In college, one of my jobs was working at the K&W Cafeteria in Chapel Hill. The procedure at the K&W and other similar restaurants is pretty much the same as the school lunchroom many of you remember. You get your tray, then you go down the line getting whatever food was on the menu. Unlike the school lunchroom, at a cafeteria-style restaurant you get to pick and choose what you want, meaning you don’t have to get a spoonful of diced carrots and peas!
For many in the church, Christianity has morphed into something resembling the cafeteria line. We want to fill our theological tray with things that appeal to us. The harder teachings of Scripture, we pass by with a nod much as we do to the mystery meat in a pool of coagulated gravy. We load up on God’s love, pile on the mercy, and top it off with a generous helping of everybody getting angel wings… and everyone lived happily ever after.
One of our Founding Fathers was Thomas Jefferson. He is remembered for many things, but perhaps he is most well-known as the primary author of the Declaration of Independence. Jefferson was a learned man, and we can find much about his life that is worthy of celebration.
In 1820, Jefferson published a book entitled The Life and Morals of Jesus of Nazareth. This was not an original work on his part. He pieced it together by cutting out the teachings of Jesus from the gospels and glueing them onto pages which were bound in his little book. All the miracles were removed, including the resurrection. The teachings that remained were true, but it was missing anything that was supernatural. Jesus is presented as a wise teacher, but His divinity was removed.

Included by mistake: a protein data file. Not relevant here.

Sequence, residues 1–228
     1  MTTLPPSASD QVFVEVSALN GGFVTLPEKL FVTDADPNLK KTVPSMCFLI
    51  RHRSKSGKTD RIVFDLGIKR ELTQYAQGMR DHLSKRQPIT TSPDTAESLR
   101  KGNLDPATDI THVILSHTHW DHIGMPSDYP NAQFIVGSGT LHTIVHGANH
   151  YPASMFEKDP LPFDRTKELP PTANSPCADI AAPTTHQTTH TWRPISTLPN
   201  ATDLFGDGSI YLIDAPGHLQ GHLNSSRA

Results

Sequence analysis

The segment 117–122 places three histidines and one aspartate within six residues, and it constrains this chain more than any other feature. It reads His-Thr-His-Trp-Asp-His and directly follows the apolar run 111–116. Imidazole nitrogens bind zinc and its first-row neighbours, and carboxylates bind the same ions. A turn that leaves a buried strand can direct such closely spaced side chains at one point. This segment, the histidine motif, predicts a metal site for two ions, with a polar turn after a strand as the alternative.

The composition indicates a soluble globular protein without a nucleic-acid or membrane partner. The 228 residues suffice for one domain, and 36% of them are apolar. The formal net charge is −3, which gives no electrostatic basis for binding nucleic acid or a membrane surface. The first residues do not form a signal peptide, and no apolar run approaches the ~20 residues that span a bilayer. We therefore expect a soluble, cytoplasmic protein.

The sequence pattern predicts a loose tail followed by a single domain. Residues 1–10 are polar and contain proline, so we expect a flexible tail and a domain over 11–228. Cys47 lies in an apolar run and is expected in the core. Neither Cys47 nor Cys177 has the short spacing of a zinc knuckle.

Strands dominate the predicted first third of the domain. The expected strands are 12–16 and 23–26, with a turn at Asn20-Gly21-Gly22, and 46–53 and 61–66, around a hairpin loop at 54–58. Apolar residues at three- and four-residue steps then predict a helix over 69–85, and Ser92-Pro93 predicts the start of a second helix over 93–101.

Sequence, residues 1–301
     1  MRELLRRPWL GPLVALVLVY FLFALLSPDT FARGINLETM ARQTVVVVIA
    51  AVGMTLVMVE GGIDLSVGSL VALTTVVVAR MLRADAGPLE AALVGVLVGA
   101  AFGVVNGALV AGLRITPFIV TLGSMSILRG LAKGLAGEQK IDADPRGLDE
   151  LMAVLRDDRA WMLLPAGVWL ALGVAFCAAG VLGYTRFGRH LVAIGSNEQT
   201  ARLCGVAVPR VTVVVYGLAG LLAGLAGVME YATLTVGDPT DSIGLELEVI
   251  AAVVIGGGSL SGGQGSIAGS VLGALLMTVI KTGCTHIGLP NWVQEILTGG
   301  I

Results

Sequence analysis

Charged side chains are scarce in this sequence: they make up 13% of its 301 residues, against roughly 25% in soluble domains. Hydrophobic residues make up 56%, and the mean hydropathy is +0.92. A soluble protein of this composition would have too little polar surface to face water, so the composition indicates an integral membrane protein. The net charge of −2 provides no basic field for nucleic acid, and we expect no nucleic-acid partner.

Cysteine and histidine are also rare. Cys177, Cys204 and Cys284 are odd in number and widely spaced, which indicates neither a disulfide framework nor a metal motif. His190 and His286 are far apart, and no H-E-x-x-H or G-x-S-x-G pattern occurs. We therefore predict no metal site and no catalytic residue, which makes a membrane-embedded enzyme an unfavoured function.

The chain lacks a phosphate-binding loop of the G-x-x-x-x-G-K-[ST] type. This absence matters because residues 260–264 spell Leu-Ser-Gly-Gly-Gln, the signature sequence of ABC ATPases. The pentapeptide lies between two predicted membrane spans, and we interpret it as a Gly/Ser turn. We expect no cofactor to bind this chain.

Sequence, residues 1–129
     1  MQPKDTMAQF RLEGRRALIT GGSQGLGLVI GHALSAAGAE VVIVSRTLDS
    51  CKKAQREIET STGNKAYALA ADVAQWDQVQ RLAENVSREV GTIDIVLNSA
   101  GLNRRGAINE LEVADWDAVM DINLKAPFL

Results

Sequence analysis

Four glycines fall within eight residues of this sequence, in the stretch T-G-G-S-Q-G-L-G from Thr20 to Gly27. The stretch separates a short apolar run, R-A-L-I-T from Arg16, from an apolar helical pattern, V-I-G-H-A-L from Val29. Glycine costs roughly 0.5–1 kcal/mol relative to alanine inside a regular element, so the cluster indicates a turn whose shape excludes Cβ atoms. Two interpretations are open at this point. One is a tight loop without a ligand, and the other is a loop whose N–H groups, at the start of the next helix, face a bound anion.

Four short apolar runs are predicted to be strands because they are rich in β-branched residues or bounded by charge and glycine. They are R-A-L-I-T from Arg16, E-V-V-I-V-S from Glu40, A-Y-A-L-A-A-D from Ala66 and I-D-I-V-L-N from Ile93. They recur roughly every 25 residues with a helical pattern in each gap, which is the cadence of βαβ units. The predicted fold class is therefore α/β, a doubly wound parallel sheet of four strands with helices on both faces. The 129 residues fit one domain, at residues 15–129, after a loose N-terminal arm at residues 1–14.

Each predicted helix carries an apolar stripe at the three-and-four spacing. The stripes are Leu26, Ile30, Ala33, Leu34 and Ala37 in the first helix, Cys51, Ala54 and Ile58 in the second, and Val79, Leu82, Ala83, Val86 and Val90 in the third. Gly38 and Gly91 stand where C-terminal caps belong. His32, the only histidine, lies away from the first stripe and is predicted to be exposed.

Most of us would not be so bold as to physically edit our Bibles with scissors and glue, but we may be guilty of trimming the Bible’s teachings in how we receive its truth and apply it to our lives. Often we are performing our edits when we read and passage and respond, “Well, what this passage means to me is…”
This cafeteria approach feels good in the moment – we take what we want from God’s Word and leave the rest – but it comes at a cost. For Jefferson, he removed the divinity of Jesus seemingly preferring to rely only on his moral teachings. He both robbed Jesus of His majesty and robbed Himself of the wonder that God would physically come to us, die for us, and rise again in victory! We’d do well to put away our X-acto knives and Elmer’s glue and allow God to speak for Himself about Himself to us.
One thing about the cafeteria – Once you loaded up your tray and pushed it to the end of the line, there was someone waiting there at a cash register. That’s right; it was time to pay up. There is a price to pay for selectively taking of God what we want and leaving the rest behind. That price can be awfully high. It can cost you joy, peace, and hope. Even more, it can cost you an eternity in heaven.